Doing Justice To Our Lives
December 3, 2008 § Leave a comment
I drive more than I like. I find I can make crawling along in heavy traffic much less stressful by listening to college lectures on CD. As somebody once said, “You can always find a way to learn something.” Thanks to “The Great Courses” series or the “Portable Professor,” I can use a handy mechanical means to lift up my thoughts (or my associations) from the red brake lights in front of me to the unfolding of Western Civilization, for example, or the life of the Buddha.
Somewhere down the road, I registered how much inspiration I draw from the stories of peoples’ lives, including Siddhartha Guatama, the historical Buddha. When I was younger, I always wanted to get right to the essence of things. I wanted the great vertical unchanging truths, the Four Noble Truths and all the other Sacred Numbered Laws of Reality. Now, I realize that the profound truths of life unfold over time and through experience. The price of understanding certain truths–and the mastery or balance or inner freedom that comes with them–is revealing yourself utterly. Ouch.
This is what I learned in the car: In his introduction to course “Buddhism,” Professor Malcolm David Eckel of Boston University, referred to Buddhism as a religion of stories. Of course it is…and so is Christianity and ever other great tradition and teaching. It suddenly hit me that stories show us how to be fully human–stories impart a kind of truth, a kind of intelligence, that philosophy or practice alone can not reveal. In Buddhist practice and in other ways of awakening, great emphasis is placed on waking up from the stories we tell ourselves about who we are. Indeed, profound moments of awareness often come to people in the midst of shocks that suspend our endlessly updated and revised narratives, our comforting certainties. But Professor Eckel echoed something that P.L. Travers, the creator of Mary Poppins, described in “The World of the Hero” in the founding issue of Parabola.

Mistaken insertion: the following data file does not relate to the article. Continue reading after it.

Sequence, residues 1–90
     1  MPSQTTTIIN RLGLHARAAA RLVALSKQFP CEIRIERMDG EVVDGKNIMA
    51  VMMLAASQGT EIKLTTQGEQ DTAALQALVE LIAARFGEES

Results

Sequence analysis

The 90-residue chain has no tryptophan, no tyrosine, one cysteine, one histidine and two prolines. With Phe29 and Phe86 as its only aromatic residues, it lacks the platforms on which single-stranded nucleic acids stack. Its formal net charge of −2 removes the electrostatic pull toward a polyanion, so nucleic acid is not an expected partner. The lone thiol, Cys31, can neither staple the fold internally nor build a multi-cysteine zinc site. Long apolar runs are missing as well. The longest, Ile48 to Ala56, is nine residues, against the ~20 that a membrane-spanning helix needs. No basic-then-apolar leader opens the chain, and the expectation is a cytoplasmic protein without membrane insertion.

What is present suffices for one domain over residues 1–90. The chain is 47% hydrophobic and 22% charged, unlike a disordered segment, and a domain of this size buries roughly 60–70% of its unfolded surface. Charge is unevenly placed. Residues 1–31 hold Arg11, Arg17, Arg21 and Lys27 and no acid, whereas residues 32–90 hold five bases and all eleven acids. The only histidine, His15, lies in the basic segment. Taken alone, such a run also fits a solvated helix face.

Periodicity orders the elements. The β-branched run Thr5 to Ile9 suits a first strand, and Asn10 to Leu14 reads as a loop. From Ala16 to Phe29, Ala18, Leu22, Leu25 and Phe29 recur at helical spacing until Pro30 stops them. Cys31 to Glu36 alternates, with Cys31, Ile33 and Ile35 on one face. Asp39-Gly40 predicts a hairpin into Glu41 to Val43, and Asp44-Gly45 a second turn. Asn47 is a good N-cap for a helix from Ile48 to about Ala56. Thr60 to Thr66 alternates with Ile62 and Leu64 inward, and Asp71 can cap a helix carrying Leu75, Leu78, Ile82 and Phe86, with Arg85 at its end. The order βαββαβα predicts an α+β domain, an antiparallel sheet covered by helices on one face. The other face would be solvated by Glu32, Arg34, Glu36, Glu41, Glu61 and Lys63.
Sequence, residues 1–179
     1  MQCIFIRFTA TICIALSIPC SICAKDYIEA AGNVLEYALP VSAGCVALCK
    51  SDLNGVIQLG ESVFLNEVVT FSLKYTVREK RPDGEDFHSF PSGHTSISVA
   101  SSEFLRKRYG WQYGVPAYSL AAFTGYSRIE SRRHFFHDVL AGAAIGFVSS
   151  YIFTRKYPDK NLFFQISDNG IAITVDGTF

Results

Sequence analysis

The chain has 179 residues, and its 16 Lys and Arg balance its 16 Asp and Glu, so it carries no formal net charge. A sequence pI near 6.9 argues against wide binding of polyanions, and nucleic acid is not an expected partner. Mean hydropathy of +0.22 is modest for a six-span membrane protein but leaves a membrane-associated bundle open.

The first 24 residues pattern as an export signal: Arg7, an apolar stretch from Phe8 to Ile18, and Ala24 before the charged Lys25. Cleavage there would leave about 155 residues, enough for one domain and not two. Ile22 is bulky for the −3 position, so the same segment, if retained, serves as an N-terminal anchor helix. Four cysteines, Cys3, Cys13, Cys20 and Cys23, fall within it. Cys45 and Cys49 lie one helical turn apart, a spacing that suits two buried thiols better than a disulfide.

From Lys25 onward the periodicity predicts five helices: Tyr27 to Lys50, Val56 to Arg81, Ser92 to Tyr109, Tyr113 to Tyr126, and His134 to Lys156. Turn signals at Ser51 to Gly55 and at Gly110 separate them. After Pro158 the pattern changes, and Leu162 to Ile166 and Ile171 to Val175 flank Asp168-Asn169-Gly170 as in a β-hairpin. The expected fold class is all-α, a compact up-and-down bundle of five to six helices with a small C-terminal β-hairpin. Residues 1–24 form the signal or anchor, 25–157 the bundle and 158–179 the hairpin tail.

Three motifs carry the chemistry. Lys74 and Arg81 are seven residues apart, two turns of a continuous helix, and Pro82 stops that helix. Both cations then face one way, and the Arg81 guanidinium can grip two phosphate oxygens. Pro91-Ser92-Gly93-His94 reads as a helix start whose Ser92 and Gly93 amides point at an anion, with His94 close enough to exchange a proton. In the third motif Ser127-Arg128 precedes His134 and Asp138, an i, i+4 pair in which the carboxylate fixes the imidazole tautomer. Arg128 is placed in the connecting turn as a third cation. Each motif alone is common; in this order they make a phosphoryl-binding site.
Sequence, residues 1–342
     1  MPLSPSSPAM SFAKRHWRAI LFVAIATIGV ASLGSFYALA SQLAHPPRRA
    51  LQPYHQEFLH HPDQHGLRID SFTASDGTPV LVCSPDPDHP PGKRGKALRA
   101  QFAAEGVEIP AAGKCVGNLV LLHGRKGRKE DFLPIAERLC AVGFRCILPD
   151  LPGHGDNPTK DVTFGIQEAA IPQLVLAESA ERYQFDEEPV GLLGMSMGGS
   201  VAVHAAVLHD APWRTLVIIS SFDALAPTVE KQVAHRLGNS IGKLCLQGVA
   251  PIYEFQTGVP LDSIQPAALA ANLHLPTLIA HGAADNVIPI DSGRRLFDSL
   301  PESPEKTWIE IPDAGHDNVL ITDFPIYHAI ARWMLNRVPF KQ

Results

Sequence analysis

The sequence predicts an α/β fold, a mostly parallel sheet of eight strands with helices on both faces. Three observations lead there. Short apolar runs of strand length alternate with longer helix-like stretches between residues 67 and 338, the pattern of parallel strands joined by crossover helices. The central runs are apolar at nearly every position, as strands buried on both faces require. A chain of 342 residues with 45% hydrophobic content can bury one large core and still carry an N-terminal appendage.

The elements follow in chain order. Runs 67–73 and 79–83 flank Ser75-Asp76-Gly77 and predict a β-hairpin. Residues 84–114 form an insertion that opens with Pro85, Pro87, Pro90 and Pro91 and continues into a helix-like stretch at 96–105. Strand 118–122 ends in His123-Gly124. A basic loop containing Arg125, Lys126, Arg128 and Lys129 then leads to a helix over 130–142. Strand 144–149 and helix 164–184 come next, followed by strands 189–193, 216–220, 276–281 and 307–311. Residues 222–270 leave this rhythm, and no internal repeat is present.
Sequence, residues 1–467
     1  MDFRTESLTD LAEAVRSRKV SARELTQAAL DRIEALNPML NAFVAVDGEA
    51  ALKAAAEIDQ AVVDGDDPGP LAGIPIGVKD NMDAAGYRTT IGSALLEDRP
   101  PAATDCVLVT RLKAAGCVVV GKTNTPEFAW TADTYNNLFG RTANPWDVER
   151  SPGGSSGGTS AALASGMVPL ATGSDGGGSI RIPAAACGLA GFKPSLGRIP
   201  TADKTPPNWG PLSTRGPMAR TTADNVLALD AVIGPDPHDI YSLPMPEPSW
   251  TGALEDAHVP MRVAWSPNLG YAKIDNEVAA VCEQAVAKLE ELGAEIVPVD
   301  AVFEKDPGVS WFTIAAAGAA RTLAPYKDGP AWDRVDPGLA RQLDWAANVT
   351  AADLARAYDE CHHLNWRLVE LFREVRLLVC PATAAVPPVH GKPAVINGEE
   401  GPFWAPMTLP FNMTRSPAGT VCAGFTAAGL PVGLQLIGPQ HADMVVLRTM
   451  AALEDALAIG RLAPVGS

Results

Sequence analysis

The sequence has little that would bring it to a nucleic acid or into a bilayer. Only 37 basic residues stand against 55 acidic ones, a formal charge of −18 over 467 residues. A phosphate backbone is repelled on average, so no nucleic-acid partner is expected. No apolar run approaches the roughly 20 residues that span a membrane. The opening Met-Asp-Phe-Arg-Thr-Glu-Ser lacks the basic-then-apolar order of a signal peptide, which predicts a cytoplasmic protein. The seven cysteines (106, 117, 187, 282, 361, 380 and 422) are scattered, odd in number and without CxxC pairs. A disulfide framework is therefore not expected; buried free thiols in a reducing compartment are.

There is a myth-making capacity in everyone, wrote Travers. The intelligence that guided the lives of the ancients “miraculously survives and is ever present in the subterranean layers of ourselves. It can be tapped as one taps the waters under the earth; it can be questioned as once our forefathers questioned the oracles.” Travers described the way certain factual stories pick up truth over time and offered the example of Galileo. Pressured to recant his assertion that the earth moves around the sun, Galileo is said to have muttered into his beard: “Epppur si muove” (“Nevertheless it moves”)–mythologically the heroic Galileo was required to say it.
The mythmaking mind goes to work on the facts, pitting the heroine against a villian, insisting on “both ends of the stick–black and white, good and evil, positive and negative, activine and passive.” The hero or heroine, according to Travers is one who volunteers to face the unknown, setting out not so much on voyages of discovery as rediscovery, seeking “a treasure that was lost and has to be found, his own self, his identity.” The hero is human and flawed, just as creation is flawed–and the flaws turn the wheel, summon the perfections. Achilles pride led to courage in battle. Buddha’s human vulnerability led to awakening (and couldn’t it really be called a rediscovery of a timeless dharma?)
Like a lot of young people, I think I was secretly hoping that I by reading many books or making great efforts in the meditation hall I could skip over some of the steps that Travers outlines, of going from the mud to the mountain top. Now I know we can’t. We have to be the heroes of our own lives. There is just no other way to learn the truth. Each in our own way, we have to live ferociously, as Damien Echols puts it.